Oh ! je sais bien que ce sont des idées folles, que je ne puis même pas prendre tout à fait au sérieux, des rêves… Les villages ne se lèvent pas à la voix d’un petit écolier, comme les bêtes. N’importe ! Hier soir, je crois qu’un saint l’eût appelé.

Je me disais donc que le monde est dévoré par l’ennui. Naturellement, il faut un peu réfléchir pour se rendre compte, ça ne se saisit pas tout de suite. C’est une espèce de poussière. Vous allez et venez sans la voir, vous la respirez, vous la mangez, vous la buvez, et elle est si fine, si ténue qu’elle ne craque même pas sous la dent. Mais que vous vous arrêtiez une seconde, la voilà qui recouvre votre visage, vos mains. Vous devez vous agiter sans cesse pour secouer cette pluie de cendres. Alors, le monde s’agite beaucoup.

On dira peut-être que le monde est depuis longtemps familiarisé avec l’ennui, que l’ennui est la véritable condition de l’homme. Possible que la semence en fût répandue partout et qu’elle germât çà et là, sur un terrain favorable. Mais je me demande si les hommes ont jamais connu cette contagion de l’ennui, cette lèpre ? Un désespoir avorté, une forme turpide du désespoir, qui est sans doute comme la fermentation d’un christianisme décomposé.

Boredom is compared with a disease, a kind of cancer that doesn’t kill but decomposes the victim from within. I remember my own childhood in northern England as he describes drizzle and the way it soaks into the most waterproof raincoats. The month is November. It might as well have been Dante’s Inferno, where the damned soul gives up hope on entering. The humidity reaches everywhere, even in the heated café where the men of the village drink their beer or Ricard and play board games or cards. All the people in that place become bored and boring. Boredom is like a kind of dust that enters your body with what you eat and drink, the air you breathe. The image is quite terrifying.

It would almost seem that boredom is man’s natural condition. It devours its victim like a deformed despair that ferments a decomposed Christianity. It is the perfect description of that acedia that was known to the monastic Fathers of the Church.

Bernanos’ language is plain and precise, yet the imagery is so evocative to our own experience of bored children on rainy days when no suggestion of occupation would relieve the boredom. The text is magic, and I would no more translate it into English than Shakespeare into Spanish!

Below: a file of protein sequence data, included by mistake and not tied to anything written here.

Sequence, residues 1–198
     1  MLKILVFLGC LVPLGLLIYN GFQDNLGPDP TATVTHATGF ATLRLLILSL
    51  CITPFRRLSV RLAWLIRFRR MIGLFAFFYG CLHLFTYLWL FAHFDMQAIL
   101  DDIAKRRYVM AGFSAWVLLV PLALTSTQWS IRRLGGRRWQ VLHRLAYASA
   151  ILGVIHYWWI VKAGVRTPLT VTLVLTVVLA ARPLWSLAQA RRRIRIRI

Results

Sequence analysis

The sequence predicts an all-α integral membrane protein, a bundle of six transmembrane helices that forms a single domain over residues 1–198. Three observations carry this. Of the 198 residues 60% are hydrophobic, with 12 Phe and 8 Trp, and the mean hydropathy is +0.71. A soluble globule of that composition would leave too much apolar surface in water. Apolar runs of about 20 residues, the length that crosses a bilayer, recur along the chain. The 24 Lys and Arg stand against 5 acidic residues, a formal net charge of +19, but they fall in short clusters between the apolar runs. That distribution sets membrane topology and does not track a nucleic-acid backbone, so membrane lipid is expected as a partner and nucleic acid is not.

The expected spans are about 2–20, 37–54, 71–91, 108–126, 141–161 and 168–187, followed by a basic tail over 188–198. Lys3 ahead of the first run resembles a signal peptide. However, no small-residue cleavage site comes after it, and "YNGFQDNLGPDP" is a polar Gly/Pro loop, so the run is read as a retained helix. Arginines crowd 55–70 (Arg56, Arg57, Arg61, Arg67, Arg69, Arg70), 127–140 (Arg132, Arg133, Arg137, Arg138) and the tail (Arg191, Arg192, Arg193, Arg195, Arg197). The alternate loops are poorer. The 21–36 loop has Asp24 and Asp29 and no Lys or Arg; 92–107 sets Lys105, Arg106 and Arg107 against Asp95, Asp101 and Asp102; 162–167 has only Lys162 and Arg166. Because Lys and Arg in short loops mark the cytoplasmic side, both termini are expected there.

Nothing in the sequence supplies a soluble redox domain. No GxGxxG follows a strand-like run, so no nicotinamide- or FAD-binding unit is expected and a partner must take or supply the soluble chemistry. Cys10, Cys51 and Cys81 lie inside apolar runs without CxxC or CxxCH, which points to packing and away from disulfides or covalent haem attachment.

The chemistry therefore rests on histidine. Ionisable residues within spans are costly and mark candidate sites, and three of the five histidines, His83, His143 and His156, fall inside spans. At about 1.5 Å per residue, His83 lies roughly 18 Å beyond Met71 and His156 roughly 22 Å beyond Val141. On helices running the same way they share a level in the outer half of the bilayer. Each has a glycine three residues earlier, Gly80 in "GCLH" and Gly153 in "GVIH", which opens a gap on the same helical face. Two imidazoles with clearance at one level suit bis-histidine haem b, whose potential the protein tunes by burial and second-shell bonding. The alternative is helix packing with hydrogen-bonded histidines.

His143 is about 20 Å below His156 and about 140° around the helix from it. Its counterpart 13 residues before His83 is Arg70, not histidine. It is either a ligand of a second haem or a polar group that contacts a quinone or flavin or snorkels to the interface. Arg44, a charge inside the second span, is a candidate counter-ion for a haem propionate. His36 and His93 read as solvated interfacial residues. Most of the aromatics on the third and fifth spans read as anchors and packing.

The comparison between boredom and cancer is an early announcement of the priest’s death from that disease after having received absolution from the laicised priest looking after him. Rural boredom is something that kills the life of a village, brings out the sadness of solitude and the frequent causes of alcoholism and suicide. There are areas in France like the Yonne, that vast area to the south of Paris where Christianity faced the full force of hatred of the Revolution and the anticlerical era. The North is pretty deadening too, like the south of Yorkshire in the old mining areas, Liverpool and Manchester. People can be so small-minded and bloody-minded, so unwelcoming and closed in on themselves. It is no surprise that young rural French people flock to Paris and other metropolitan cities in their desperation to escape narrowness of mind. The process of gentrification of villages has its pros and cons. The desertification is being reversed by town people seeking a better quality of life – just as my wife and I did when we bought the old baker’s shop in Hautot Saint Sulpice in Normandy. The gentrified village becomes a dormitory, and one kind of narrowness can easily be replaced by another. There is nothing of the medieval romance of the community living around the church. Country parishes are now dead, a thing of the past, of which a locked and almost redundant building bears testimony.

We are brought to another understanding of boredom, one of nothingness, the ontological definition of evil. Evil is not only something against good, but coldness, emptiness, confusion, sadness, the loss of supernatural grace. Boredom is its ultimate expression.